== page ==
ESPN’s Adrian Wojnarowski has reported that DeMarre Carroll and the San Antonio Spurs have agreed to a buyout. Carroll will then sign with the Houston Rockets:
San Antonio and forward DeMarre Carroll have agreed to a contract buyout, agent Mark Bartelstein of @PrioritySports tells ESPN. Houston is a frontrunner to sign Carroll once he clears waivers, league sources tell ESPN.
Green will first sign a 10-day contract with the Rockets, so he can get used to their system and see if there is a fit, Woj reported.
Carroll signed a three-year, $20.65 million contract as part of a sign and trade from the Brooklyn Nets to the Spurs this past summer. That agreement was part of a three-team trade that saw San Antonio send forward Davis Bertans to the Washington Wizards. The 10-year veteran is owed $7 million for this season, $6.65 million for 2020-21 and $1.35 million guaranteed for 2021-22. San Antonio will incur a cap hit for each of the three seasons as part of the buyout process with Carroll. How much of a cap hit will depend on how much money Carroll gave up as part of the buyout agreement.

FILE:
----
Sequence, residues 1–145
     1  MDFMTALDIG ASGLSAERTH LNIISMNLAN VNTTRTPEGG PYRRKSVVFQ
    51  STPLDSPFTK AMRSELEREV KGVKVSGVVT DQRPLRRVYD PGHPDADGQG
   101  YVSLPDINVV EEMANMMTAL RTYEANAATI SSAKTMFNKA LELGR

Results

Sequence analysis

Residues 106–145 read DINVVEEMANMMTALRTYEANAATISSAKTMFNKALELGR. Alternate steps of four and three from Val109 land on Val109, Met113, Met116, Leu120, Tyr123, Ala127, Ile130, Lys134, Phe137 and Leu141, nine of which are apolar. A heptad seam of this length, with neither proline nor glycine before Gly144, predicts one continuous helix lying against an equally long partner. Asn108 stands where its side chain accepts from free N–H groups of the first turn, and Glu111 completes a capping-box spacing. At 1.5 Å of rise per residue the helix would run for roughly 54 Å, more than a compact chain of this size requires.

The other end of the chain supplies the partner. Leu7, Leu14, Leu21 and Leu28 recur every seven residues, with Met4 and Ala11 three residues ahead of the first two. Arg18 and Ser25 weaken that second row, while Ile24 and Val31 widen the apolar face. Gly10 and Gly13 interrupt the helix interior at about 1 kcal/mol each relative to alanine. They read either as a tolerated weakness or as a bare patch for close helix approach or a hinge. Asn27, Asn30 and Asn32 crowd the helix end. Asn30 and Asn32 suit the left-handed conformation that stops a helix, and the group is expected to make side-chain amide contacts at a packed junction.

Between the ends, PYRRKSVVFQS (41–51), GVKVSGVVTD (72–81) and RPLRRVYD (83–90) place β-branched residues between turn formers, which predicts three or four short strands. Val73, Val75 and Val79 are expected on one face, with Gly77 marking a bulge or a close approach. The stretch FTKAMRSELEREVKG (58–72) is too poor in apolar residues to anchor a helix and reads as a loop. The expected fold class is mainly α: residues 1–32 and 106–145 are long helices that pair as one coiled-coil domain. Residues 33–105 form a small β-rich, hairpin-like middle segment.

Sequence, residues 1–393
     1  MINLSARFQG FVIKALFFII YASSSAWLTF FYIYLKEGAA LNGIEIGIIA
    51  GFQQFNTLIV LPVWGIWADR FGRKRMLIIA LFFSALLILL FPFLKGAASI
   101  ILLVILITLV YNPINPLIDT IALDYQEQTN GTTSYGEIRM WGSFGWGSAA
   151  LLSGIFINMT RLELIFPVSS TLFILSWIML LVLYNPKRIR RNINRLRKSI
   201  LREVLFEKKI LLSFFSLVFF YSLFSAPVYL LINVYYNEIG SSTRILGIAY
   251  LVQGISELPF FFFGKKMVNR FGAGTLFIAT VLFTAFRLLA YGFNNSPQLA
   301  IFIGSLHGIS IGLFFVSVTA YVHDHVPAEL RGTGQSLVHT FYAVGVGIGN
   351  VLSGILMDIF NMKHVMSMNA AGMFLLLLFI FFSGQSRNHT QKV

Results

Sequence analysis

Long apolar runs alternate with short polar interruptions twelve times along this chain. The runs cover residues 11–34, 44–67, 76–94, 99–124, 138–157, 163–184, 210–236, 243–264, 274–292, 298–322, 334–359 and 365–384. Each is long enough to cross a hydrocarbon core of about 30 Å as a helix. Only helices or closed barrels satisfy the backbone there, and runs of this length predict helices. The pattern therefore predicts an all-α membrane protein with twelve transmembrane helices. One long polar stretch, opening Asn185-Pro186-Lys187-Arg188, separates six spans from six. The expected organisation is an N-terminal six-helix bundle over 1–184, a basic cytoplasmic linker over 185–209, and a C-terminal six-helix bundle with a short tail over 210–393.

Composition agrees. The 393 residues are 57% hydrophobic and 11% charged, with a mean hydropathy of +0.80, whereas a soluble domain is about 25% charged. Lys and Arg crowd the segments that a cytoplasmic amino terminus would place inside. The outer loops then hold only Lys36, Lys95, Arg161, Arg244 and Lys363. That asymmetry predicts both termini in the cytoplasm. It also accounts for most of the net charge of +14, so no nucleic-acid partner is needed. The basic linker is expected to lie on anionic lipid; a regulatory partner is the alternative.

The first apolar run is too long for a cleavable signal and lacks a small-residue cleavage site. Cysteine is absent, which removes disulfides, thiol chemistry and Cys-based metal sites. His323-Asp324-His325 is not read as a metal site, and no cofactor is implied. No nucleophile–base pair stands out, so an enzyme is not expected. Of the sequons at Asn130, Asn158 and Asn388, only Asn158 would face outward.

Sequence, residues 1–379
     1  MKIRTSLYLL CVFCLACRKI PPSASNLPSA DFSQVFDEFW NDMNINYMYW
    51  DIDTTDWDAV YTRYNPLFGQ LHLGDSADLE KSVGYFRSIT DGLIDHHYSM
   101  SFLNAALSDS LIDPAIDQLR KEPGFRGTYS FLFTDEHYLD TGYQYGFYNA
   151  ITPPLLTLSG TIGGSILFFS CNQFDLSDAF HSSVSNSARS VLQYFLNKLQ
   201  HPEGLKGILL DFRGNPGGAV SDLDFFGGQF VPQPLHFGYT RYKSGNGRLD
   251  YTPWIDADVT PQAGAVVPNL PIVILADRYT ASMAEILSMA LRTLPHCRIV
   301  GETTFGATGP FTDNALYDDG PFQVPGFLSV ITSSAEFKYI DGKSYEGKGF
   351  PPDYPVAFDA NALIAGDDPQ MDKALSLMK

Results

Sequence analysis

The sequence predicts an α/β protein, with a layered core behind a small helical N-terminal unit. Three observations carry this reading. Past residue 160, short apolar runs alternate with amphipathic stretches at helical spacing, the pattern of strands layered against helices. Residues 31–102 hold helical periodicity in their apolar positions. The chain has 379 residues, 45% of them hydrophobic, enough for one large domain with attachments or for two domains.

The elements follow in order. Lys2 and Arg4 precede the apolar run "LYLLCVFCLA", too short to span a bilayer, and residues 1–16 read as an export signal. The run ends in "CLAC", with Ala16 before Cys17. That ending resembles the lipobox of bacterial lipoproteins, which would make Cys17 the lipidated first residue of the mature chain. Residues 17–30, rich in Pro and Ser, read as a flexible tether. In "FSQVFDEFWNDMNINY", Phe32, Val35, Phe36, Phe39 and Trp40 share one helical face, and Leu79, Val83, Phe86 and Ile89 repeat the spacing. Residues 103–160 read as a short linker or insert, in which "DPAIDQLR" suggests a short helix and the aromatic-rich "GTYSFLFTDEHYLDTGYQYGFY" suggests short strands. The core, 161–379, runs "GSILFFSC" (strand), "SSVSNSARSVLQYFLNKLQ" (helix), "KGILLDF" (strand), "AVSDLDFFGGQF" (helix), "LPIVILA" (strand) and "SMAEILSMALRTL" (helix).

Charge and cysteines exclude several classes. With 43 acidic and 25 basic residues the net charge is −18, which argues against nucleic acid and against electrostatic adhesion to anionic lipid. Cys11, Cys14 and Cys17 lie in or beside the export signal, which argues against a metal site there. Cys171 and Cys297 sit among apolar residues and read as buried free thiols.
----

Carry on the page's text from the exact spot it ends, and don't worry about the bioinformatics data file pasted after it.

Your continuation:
Carroll was added via sign and trade after Marcus Morris spurned the Spurs in free agency. Morris had originally agreed to sign with San Antonio, but backed out after the New York Knicks offered him $15 million as a free agent. The Spurs moved on to Carroll as a backup plan, but he was never able to crack the rotation. He’s played only 135 minutes over 15 games with San Antonio.
Green was with the Utah Jazz earlier this season, before being waived to create a roster spot for Rayjon Tucker. The 11-year veteran Green averaged 7.7 points per game in 30 appearances with Utah. The Rockets will be the ninth different franchise Green has played for.
In Houston, Carroll and Green will join Mike D’Antoni’s small-ball crew as big man depth. Carroll and Green will likely back up P.J. Tucker and Robert Covington up front. Their experience at both forward spots will give the Rockets additional depth for their playoff run. Carroll and Green are also likely be to asked to play some center, as Houston has downsized dramatically at that position, including trading Clint Capela at the trade deadline.
NBA players’ union votes to support formation of G-League union